Proctor : February 2018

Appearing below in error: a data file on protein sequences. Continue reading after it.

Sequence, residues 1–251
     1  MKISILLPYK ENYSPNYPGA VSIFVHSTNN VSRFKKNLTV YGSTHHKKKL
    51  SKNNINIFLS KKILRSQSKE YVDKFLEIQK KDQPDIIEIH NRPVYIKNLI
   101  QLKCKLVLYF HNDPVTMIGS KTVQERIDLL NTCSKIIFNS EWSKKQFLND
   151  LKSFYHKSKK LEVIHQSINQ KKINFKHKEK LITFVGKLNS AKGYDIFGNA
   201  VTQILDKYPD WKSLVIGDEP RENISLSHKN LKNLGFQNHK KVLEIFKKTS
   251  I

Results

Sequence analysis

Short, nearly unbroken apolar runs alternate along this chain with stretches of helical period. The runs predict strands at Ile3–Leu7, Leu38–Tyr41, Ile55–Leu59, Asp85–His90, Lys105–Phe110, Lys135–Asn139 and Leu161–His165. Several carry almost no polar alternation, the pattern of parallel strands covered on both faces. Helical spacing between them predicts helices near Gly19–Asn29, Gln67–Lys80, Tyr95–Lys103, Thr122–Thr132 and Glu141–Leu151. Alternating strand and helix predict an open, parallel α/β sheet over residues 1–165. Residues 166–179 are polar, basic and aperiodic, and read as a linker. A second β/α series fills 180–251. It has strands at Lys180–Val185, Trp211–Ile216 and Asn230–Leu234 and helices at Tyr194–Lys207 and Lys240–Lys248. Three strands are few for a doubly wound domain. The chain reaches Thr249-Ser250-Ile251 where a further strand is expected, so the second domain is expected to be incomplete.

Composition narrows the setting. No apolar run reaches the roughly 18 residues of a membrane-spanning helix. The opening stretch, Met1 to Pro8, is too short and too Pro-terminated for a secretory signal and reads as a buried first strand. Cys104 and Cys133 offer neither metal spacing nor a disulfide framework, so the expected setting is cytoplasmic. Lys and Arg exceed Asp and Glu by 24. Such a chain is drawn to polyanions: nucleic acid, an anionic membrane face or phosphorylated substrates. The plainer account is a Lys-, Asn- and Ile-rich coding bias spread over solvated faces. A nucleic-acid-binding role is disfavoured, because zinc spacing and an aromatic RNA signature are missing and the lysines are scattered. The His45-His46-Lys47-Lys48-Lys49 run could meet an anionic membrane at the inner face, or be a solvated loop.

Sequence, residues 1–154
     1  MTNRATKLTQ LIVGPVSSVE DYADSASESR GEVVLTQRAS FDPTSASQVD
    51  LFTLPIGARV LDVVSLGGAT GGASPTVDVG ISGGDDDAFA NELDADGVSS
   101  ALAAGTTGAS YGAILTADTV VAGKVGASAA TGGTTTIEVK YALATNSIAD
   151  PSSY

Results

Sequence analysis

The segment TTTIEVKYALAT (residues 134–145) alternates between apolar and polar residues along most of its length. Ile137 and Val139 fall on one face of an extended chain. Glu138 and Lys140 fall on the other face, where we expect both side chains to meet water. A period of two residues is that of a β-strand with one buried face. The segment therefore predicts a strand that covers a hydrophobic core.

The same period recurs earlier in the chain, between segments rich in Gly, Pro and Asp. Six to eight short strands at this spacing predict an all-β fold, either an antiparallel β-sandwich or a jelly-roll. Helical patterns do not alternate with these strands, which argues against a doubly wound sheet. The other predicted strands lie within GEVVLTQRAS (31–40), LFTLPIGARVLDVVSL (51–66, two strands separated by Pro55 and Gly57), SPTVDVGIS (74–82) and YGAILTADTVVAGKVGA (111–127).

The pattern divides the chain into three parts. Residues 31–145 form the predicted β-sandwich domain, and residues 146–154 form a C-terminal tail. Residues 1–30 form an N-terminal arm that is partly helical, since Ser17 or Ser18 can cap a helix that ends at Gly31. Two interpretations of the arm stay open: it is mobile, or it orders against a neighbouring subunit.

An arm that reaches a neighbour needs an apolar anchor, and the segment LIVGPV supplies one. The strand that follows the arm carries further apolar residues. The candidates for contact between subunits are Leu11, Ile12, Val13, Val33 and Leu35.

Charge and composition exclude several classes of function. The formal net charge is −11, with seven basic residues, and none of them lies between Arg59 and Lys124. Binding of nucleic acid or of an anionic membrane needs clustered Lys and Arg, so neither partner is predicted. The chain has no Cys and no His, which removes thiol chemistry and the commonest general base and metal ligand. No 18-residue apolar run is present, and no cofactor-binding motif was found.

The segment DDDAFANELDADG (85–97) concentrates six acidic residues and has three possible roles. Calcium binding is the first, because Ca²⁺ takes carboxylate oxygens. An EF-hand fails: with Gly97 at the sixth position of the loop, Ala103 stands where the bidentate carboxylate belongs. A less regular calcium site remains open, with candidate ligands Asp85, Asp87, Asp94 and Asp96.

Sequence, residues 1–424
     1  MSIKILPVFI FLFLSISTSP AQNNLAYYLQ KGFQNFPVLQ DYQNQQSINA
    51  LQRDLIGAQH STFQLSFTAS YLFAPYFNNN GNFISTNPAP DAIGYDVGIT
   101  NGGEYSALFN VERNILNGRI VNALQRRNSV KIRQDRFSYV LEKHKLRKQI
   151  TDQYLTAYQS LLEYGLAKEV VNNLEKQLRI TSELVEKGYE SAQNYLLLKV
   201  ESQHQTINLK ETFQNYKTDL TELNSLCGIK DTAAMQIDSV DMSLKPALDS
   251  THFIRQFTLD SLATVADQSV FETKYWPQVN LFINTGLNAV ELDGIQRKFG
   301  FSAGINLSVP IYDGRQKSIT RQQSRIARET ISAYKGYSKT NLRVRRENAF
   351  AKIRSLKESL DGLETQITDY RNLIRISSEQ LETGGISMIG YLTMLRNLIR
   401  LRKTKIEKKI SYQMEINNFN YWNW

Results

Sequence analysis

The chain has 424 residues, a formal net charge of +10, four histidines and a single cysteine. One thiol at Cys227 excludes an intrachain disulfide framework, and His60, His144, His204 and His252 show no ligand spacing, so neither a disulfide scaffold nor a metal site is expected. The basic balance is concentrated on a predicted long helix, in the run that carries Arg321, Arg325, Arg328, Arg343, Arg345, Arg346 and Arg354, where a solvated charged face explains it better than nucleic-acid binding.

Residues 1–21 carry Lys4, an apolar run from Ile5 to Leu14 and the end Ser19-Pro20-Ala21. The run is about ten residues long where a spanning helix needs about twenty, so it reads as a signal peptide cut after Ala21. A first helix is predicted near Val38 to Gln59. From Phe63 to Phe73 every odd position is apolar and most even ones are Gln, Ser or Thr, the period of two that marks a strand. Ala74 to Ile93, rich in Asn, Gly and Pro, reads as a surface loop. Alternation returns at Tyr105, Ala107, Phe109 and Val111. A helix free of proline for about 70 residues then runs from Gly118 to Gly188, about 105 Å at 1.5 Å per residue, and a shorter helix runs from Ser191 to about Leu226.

8 PROCTOR | February 2018 60 years in law An ongoing legacy by Tony Keim In 1958, the Australian Government was being run under the leadership of legendary Prime Minister Robert Menzies, the Cold War was in full effect between the USA and USSR, led by President Dwight D Eisenhower and then newly appointed Communist Party Secretary Nikita Krushchev. It was a year which also saw the USA enter the space race with the establishment of NASA; the first ever computer microchip was invented; Elvis Presley, Frank Sinatra and Johnny O’Keefe were top of the Australian pops; Frank Nicklin was Queensland Premier; QANTAS introduced its first around-the-world service via the UK and live music show Bandstand was first aired on Australian television. Meanwhile in Victoria, a promising legal career was launched when Richard Hyett graduated from Melbourne University and was admitted to practice on 3 March, 1958. 60 years on and Mr Hyett’s enthusiasm and love of the law show no signs of diminishing. Despite flirting with a career as a night club pianist at a young age, Mr Hyett says family tradition and the need to find a real and properly remunerated job dictated his future. “I did contemplate a career as a pianist at a nightclub or a piano bar, but that was not considered by my father to be a proper job,” he said. “My family’s history in law dates back to 1880 with my grandfather, uncle, father and older brother all solicitors. “My grandfather spent countless hours working on the Australian Constitution with his partner John Quick, who was later knighted for his contribution.” Unlike millennial lawyers of today, early career lawyers in 1958 were unable to conduct internet or Google searches to quickly source case law or conduct research. In fact, almost all forms of modern technology were in their infancy. Even soon to be invented time savers have since been dispatched to the technological graveyard many decades ago. That’s not to say Mr Hyett hasn’t been at the cutting edge of technology throughout his career – his firm installed Victoria’s second ever computer in their offices in the mid-1970s. Over the years Mr Hyett has seen technology evolve from pen and ink, Dictaphones, manual type writers (using carbon paper) to golf-ball electric typewriters, and now computers. There was also the introduction of facsimile machines where one had to go to the post office to transmit a fax, then Gestetner duplicators which evolved into modern day photocopiers, the first word processor (memory typewriter) which was the size of a large desk with the data being stored on a cassette tape. “There has obviously been an enormous change with technology,” Mr Hyett said. “When I commenced practice there were no photocopies, fax machines or computers. “Large libraries full of leather-bound Acts and legislation were kept up to date, but have now become less important as so much is available through Google. The law continues to be a changing landscape – for example e-conveyancing and email rather than post. “Clients’ expectations have also changed. Once people would wait for a reply to a letter. Now, with email and phones, people expect an immediate response, as though theirs is the only current file you have.” Mr Hyett’s career as a Victorian solicitor was set-aside for a sea-change in 1994 when he moved from Bendigo to Queensland’s Sunshine Coast. Like most veteran lawyers, Mr Hyett has had more than a few laughs in the ordinarily dour confines of the criminal courts. One case in particular that still affords him a guilty chuckle is the day he represented a probationary driver who recorded a low- breath alcohol reading, despite protestations of being stone cold sober. “The accused gave evidence that he had not drunk any alcohol and then recalled that he had eaten his grandmother’s trifle,” Mr Hyett said. “The magistrate replied: ‘Quod lex autem non est de nguis.’ The comment was lost on my client, but it gave me a good laugh. Translated from Latin the quote says ‘the law does not deal with trifles’. “Noting my amusement at his comment the magistrate dismissed the case.” At a time when most people of his age would swap a life of law for time on the beach, golf links or time in the slow lane, Mr Hyett is determined to carry on his life’s work. “I enjoy legal work, the discipline of being a lawyer and attending to the legal needs of people.” News Tony Keim is manager of external affairs and journalist at Queensland Law Society.